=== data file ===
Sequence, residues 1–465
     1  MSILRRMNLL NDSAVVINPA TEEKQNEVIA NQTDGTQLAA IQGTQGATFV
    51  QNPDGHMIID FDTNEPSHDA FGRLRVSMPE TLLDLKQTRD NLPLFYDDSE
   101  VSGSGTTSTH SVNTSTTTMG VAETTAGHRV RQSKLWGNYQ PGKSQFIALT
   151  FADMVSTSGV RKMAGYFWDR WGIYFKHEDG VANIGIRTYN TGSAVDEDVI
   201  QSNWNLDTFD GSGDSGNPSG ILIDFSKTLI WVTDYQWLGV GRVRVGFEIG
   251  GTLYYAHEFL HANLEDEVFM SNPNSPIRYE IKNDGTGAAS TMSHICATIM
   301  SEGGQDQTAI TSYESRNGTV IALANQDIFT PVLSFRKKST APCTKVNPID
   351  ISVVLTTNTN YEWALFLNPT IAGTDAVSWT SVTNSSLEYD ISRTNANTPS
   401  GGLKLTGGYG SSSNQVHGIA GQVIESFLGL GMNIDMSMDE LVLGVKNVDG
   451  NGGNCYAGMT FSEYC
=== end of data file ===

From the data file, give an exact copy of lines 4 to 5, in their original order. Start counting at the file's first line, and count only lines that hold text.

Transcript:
   101  VSGSGTTSTH SVNTSTTTMG VAETTAGHRV RQSKLWGNYQ PGKSQFIALT
   151  FADMVSTSGV RKMAGYFWDR WGIYFKHEDG VANIGIRTYN TGSAVDEDVI